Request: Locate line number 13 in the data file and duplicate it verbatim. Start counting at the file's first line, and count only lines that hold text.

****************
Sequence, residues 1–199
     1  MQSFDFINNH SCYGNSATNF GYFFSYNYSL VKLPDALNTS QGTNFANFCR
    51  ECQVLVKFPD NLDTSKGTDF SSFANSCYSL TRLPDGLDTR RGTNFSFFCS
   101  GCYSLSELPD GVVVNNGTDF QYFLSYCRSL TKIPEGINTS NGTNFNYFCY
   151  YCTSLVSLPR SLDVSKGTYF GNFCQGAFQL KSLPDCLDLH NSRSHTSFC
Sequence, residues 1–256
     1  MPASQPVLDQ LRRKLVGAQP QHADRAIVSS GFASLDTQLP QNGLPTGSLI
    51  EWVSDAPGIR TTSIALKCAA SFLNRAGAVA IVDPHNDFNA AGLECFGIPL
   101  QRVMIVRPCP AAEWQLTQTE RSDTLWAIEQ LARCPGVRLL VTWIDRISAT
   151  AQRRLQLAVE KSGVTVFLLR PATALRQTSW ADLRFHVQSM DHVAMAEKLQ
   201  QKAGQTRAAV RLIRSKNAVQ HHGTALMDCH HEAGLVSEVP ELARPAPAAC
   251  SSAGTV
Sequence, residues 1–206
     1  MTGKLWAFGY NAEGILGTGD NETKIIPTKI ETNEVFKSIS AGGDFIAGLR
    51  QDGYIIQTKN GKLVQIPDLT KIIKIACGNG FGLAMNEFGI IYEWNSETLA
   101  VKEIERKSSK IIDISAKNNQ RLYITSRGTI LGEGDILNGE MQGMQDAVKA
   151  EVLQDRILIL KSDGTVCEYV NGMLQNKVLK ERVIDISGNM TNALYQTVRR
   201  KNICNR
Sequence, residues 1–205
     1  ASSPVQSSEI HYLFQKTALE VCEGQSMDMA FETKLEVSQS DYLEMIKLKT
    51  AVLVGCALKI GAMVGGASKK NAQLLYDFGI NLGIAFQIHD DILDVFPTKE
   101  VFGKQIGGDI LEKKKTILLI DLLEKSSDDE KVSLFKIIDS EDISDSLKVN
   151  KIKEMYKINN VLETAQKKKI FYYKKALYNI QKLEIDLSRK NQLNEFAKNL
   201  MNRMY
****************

Sequence, residues 1–206